Ramsey's hurt turned into a desire for retribution when he failed an English course and did not graduate. He fell back on a weapon he had kept in reserve. Ramsey, who is black, had submitted a two-page paper about racism in the Auburn football program to a sociology professor; now he allowed the professor to release the paper to a reporter. The press picked up on it and ran stories detailing Ramsey's charges about a segregated team and a coaching staff more intent on discouraging black players from dating white women than encouraging them in their studies. Ramsey had struck a blow at the unyielding father figure lying on his back.
The Kansas City Chiefs drafted Ramsey in the 10th round, but he failed to make the final cut. He was done with football, and he had nothing, while the coaches still lived in their big houses. He saw white players coming back to Auburn, wearing suits and ties, working as stockbrokers and selling real estate, while a lot of black players he knew wound up working on the assembly line at Diversified Products. Last week, a month after being cut by the Chiefs, Ramsey went public with the aforementioned tapes.
From the first of Ramsey's charges, Dye did not strike back—at least not on the record—not because he couldn't but, rather, because he was sure that "they don't have a damn thing on me" and that once reporters checked Ramsey's motives, the story would fade away. Pat Dye a racist? After all that he had said, all that he had done for his black players? How could he be a racist? He personally recruited the first black players at the University of Alabama when, he says, "you can bet a lot of other coaches didn't want that responsibility."
He would never understand—no, he would be hurt—if he were to learn that there are players on this year's team who believe that although Ramsey may have gone about things the wrong way, there was, in his cry of disappointment and frustration, a vein of truth. It's not that Dye is a racist, but that he is a southern white man at a southern white school, and black players at Auburn learn very quickly what they can and cannot do. It's that Dye cannot escape who he is and where he came from. Indeed, one senior on the Tigers—a team leader who has followed Dye's regimen to the letter—believes that his coach likes a certain kind of black man, one who is "humble and obedient," who only speaks when spoken to. Can Dye disagree? No, he cannot. He can only say that he asks the same things of his white boys and that where he grew up, humility and obedience were considered virtues. He cannot even disagree when some of his black players quietly complain that he wants them to fit the mold of Clarence Thomas, the by-the-bootstraps Supreme Court nominee; in fact, one day early this season, Dye went over to the dorm to see if his boys were watching the Thomas confirmation hearings, and the next morning, when someone asked why he doesn't let his players wear earrings, he answered, "Well, you don't see Clarence Thomas wearing no damned earring, do you?"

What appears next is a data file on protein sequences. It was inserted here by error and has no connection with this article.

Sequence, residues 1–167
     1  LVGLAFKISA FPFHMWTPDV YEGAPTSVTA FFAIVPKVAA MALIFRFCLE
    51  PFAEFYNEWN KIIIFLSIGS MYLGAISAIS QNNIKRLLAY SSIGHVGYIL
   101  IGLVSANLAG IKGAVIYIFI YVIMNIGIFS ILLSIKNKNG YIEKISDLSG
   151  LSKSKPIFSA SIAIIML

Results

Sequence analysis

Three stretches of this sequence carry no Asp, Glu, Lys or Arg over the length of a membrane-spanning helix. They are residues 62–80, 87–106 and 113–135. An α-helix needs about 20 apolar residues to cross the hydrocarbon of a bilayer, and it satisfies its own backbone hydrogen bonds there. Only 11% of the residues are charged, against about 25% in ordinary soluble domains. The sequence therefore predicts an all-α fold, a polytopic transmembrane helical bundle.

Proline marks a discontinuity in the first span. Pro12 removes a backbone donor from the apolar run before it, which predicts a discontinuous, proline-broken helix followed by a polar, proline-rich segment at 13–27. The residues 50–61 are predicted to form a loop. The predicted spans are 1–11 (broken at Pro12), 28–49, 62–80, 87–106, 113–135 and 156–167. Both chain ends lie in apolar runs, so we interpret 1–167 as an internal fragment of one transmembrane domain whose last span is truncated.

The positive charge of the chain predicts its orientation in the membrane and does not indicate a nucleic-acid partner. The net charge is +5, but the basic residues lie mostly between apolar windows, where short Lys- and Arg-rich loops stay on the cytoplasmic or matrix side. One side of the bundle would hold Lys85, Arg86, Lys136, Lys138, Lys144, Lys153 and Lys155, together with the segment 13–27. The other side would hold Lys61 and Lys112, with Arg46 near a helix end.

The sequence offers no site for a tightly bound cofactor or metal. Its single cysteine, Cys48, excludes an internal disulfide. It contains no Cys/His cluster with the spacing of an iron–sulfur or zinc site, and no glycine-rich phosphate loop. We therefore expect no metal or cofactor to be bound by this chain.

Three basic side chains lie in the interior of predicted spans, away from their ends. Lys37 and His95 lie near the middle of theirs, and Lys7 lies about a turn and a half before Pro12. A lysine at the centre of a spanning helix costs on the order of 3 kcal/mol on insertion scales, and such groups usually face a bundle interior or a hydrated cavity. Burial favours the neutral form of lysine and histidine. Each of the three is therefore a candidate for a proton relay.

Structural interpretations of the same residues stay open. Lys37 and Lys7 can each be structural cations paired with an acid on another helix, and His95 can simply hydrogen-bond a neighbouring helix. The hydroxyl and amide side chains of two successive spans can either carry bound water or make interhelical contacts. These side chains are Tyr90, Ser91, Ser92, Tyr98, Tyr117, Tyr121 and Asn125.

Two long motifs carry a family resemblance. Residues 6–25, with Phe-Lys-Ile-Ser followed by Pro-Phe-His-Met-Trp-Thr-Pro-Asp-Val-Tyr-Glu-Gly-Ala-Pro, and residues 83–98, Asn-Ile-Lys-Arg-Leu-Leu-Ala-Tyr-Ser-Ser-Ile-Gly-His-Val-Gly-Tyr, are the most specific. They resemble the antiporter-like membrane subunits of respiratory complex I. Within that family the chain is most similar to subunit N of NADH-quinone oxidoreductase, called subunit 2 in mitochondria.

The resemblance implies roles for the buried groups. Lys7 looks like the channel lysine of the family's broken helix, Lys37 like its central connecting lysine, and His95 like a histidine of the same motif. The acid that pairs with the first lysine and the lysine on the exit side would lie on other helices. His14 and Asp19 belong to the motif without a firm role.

He walks in silence, under the lights, on grass that seems to glow. As he walks among his players, these big kids steaming and snorting in the night, they speak to him only when they are spoken to. The rest of the time they regard him with a wary quiet. Pat Dye is a football coach, as he has said all along, and on the practice field he looks like one, his eyes gleaming with a look of cold, frank appraisal. In his office, in a restaurant, he can look like a southern gentleman, but at practice he is a predator, with his arms flexed at his sides and his neck at a belligerent tilt, and he looks pretty damned happy looking pretty damned mean.
He is a football coach, and already his gaze has turned kindly on some of this year's players, cruelly on others, and he has decided who will be the winners and who will be the losers, who will play for him and who will not. He is a football coach, and indeed, whatever the other merits of Ramsey's complaints and charges, they have illuminated the limits of Dye's rhetoric and the fact that Dye is not running the Auburn football program to advance poor boys but rather to win games, the fact that some of his players will leave his program with nothing and never understand why, the fact that when kids won't do things his way, he will sometimes, in his own words, "put 'em on the sidelines and forget about 'em." Dye sees everything that happens on the field and remembers everything he sees, and although this year he has come down from his high steel tower to walk among his boys, he will remain to some of them a man of power and judgment and insuperable distance.
Tonight, though, he is happy. Tonight there is the brute concussion of snapping helmets and there are strips of bloody gauze littering the grass. Dye likes his team this year, although the Tigers are young and unproven and got beaten 30-21 by Tennessee last Saturday after winning their first three games. He likes their unselfishness and commitment to fundamentals. He walks in silence, watching, listening. Oh sure, one time he yells, "You move your ass down the field or you move your ass to the bench!" and another time he tells a player, "If I was working my ass off, I'd make sure everybody else was working his ass off the way I was." But mostly he is quiet, and even when practice is done and he leaves the field, he seems to be containing something within himself, something that bends his lips in an odd, crooked smile—until he meets with a bunch of reporters, and with the first thing he says, he lets it all out, the source of all that pride and joy.
"Well," he says in a quiet voice, "they got bloody tonight."